|Ranks Held||Captain, Major, Second Lieutenant|
|Birth Date||29 April 1880|
|Birth Place||Australia: New South Wales, Sydney|
|Death Date||03 March 1919|
|Death Place||United Kingdom: England, Greater London, London|
|Service||Australian Imperial Force|
|Conflict/Operation||First World War, 1914-1918|
Biographical information The Oxford companion to Australian military history in 1995
Major Oliver 'Trooper Bluegum' Hogue
Oliver Hogue was born in Sydney on 29 April 1880. Despite growing up in the city, his ability at sports and his skill as a horseman led Hogue to consider himself a bushman and, after completing school, he travelled thousands of miles by bicycle along Australia's east coast. He worked as a commercial traveler before joining the Sydney Morning Herald in 1907 as a journalist. After the outbreak of the First World War Hogue tried unsuccessfully to become Australia's official war correspondent and instead enlisted as a trooper with the 6th Light Horse Regiment. He departed Sydney aboard HMAT Suevic on 21 December 1914.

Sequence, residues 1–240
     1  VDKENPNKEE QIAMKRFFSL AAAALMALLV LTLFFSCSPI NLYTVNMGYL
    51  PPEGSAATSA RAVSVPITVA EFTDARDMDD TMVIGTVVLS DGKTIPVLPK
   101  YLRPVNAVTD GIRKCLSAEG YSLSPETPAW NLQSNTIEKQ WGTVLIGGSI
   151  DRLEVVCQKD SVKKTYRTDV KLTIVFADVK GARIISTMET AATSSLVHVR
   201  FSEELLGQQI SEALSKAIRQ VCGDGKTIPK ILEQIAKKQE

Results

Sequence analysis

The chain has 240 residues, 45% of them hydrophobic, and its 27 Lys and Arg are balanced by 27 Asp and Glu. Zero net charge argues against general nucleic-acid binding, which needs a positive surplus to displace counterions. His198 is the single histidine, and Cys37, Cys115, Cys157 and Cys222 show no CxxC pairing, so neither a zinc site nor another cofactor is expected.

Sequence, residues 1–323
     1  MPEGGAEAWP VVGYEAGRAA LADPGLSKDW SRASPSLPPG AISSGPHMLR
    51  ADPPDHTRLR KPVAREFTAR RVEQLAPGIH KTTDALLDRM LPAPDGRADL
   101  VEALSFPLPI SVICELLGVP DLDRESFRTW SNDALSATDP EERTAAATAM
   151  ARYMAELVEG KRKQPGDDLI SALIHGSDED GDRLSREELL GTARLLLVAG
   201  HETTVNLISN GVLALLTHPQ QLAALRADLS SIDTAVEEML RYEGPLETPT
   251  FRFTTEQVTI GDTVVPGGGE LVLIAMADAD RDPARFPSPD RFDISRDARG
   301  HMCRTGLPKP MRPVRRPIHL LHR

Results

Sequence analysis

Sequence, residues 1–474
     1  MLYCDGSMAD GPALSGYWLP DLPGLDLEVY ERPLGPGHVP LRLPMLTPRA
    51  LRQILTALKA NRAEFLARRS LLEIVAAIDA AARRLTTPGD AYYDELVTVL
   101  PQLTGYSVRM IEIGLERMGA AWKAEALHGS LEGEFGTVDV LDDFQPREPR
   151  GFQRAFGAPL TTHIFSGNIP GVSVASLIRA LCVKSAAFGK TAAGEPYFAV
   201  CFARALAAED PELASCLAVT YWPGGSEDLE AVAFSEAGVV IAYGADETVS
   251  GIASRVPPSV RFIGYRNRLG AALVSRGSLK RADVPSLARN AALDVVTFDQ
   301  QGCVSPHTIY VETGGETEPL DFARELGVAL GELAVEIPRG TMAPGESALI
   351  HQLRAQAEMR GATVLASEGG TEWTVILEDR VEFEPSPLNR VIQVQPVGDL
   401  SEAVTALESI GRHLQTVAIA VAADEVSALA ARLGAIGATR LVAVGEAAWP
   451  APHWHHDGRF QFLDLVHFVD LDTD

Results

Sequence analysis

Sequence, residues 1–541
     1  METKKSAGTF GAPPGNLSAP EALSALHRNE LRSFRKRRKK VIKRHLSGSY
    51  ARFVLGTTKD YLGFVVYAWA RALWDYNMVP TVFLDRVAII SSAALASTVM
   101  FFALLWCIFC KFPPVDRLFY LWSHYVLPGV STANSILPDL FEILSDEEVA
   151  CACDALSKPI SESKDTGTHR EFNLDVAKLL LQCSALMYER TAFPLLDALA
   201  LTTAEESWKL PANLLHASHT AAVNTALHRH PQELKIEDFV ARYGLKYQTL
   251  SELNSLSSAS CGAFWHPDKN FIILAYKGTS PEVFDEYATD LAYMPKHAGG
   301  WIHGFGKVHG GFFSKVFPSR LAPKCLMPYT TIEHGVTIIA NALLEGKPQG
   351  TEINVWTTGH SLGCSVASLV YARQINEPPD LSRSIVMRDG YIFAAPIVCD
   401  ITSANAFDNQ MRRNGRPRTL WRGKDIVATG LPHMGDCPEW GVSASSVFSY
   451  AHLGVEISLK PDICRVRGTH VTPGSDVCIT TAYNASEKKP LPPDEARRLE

Hogue served on Gallipoli for five months before being evacuated to England with enteric fever. He returned to his unit in the Sinai region in early 1916. Hogue developed a reputation as a loyal and enthusiastic officer unafraid of front-line service, and he was a regular writer to both his family and his former employer. Writing under the pseudonym "Trooper Bluegum", his contributions to the Sydney Morning Herald were published as books back in Australia. After participating in the battle of Romani in August 1916 he was transferred to the Imperial Camel Corps (ICC) and was involved in the battles of Magdhaba, Rafa, and Gaza in 1917. In letters home Hogue frequently referred to the fearlessness and achievements of the Australian troops, especially at Romani. He was also critical of the British press coverage of the war, which largely overlooked the accomplishments of the ICC and Australian troops in general.
In July 1918 Hogue was transferred to the 14th Light Horse Regiment and participated in the advance through the Jordan Valley. He was also promoted to major at this time. After reaching Damascus, and with the Turkish surrender in October, Hogue took leave to England in January 1919. Having survived the entirety of the First World War he soon after contracted influenza and died in London on 3 March 1919.